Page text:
Mobotix financials review: "High Profit Margins" "Their profit margin is up to 14%..." "Gross profit increased 2.6 points from 69.3% to 71.9%"
By comparison, (for example) Walmart's recent gross/net profit margins were on the order of 25%/3.6%.
Video surveillance is substantially more complex and challenging to integrate than a toaster or a banana. Compared to surveillance, Walmart's market is much closer to the theoretical "perfect market" with commodities that are interchangeable, lowering barriers to entry and driving down profit margins. Much of Walmart's success, and a standing barrier to new entrants, has been as much their very low margins enabled by substantial levels of vertical integration and by volume purchasing. How is (for example) Amazon taking a piece of that pie? Even lower margins, on the order of 1% net after taxes.
IPVM is a testament to the complexity and lack of commoditization of video surveillance. Many many users are asking simple to complex questions about challenges and expectations with various pairings or, indeed, even with very "intuitive" implementations.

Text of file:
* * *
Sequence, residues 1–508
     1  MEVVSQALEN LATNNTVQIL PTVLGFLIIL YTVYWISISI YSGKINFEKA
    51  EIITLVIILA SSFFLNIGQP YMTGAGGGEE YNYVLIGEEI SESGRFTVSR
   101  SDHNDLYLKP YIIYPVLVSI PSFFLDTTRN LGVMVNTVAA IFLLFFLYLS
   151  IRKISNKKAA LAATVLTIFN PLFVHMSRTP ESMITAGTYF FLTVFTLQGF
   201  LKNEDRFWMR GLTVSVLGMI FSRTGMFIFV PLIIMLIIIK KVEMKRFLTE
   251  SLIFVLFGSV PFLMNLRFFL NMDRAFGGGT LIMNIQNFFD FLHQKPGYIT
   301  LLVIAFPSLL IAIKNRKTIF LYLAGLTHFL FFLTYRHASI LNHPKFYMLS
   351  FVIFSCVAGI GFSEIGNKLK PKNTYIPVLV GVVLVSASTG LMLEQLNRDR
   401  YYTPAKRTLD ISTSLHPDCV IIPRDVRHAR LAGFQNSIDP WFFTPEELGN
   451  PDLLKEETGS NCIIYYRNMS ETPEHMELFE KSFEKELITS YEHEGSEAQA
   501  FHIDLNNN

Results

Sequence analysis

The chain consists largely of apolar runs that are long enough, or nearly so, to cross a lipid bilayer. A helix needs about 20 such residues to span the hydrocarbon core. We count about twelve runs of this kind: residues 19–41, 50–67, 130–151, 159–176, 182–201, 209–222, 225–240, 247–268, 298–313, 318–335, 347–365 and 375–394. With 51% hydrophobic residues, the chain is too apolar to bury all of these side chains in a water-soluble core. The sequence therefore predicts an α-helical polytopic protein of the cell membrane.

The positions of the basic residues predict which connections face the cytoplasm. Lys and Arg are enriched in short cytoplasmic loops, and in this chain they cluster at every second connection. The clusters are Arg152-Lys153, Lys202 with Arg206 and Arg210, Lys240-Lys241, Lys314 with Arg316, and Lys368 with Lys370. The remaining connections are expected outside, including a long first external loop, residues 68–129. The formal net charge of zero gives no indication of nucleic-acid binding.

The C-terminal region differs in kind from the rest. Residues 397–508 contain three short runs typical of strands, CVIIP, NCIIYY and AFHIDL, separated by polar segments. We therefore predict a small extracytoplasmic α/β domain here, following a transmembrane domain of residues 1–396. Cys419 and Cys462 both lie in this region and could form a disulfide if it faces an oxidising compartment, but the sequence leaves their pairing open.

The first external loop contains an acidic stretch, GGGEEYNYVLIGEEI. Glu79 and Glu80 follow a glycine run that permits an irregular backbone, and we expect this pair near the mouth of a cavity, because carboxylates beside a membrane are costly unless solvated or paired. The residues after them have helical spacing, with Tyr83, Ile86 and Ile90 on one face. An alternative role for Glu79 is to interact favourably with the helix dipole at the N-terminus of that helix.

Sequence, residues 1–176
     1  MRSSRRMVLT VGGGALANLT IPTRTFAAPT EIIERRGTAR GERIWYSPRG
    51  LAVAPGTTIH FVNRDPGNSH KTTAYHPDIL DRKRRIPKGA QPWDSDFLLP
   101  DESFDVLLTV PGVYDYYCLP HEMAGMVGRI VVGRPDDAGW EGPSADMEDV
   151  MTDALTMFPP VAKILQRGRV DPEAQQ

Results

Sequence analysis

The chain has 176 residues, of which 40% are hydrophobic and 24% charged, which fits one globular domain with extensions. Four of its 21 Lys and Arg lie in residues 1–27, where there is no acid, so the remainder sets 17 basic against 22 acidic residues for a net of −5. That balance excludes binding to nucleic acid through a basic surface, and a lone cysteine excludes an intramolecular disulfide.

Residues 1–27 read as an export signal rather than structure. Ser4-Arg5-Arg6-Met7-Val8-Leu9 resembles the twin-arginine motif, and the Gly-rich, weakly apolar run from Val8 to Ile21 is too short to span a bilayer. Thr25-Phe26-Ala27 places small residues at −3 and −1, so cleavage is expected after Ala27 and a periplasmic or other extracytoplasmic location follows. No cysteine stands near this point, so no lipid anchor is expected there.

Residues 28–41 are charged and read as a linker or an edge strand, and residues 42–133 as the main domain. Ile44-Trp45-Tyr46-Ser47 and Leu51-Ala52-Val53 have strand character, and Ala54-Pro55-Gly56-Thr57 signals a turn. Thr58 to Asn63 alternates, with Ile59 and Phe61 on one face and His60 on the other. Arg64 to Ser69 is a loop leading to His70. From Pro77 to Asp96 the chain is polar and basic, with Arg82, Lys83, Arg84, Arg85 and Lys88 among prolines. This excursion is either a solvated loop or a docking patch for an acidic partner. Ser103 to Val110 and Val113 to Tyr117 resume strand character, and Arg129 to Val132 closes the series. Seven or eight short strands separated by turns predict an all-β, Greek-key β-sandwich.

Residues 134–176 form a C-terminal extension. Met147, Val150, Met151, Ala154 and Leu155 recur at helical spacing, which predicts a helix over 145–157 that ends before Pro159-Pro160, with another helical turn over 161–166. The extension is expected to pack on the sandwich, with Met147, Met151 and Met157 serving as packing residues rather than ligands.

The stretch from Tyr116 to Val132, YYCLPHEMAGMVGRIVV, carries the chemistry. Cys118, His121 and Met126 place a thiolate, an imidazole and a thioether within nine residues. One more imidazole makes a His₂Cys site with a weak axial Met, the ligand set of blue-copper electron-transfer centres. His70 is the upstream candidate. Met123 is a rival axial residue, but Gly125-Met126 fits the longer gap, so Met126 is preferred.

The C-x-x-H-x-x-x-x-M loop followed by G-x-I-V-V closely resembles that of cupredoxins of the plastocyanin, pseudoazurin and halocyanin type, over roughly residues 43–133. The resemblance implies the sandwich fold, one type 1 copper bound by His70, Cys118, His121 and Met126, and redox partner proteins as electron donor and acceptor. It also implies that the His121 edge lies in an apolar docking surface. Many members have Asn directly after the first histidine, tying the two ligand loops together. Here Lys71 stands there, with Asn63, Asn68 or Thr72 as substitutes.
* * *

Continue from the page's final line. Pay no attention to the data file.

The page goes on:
So, with sweet margins and enough complexity to lock in the captives, what can possibly force a consolidation? It reminds me of the early days of computing with the Osborne, Kay, Apple, Commodore, Sinclair, Atari, and, oh yes, early IBM computers. None terribly compatible. Fairly complex. With tools like Visicalc and WordStar, it was easy to understand the promise, but difficult to achieve it simply.
Somehow IBM became a de-facto standard, and they effectively created Microsoft when they outsourced the operating system. Even in the heyday of IBM PCs, I recall going back and forth from DOS 5 and 6 to Windows 3.0 several times - the promise of common user interface and clipboard data exchange was compelling but the obstacles, immaturity, and crashes still daunting. Remember "plug and play?" That alone must have taken 5 years to refine, with the whole journey from IBM PC/PC JR to grandma emailing the grandkids probably taking about 15 years.
Computer "killer apps" varied from early mostly business uses (spreadsheet and word processor) to rapid communications (early internet, both business and personal email) to a huge knowledge base that almost everyone uses every day.
New adopters for these "killer apps" were the real ground swell that moved the market forward, since many die-hard legacy owners struggled onward for a time.
I wonder what might be likely killer apps within video surveillance or security? Something that meets a price/performance that every home will want?
Who could be a likely "IBM" of the video surveillance or security world today?
Do you see current users abandoning their Timex Sinclar or Atari some other not yet clear "global" standard? (VHS vs Betamax comes to mind)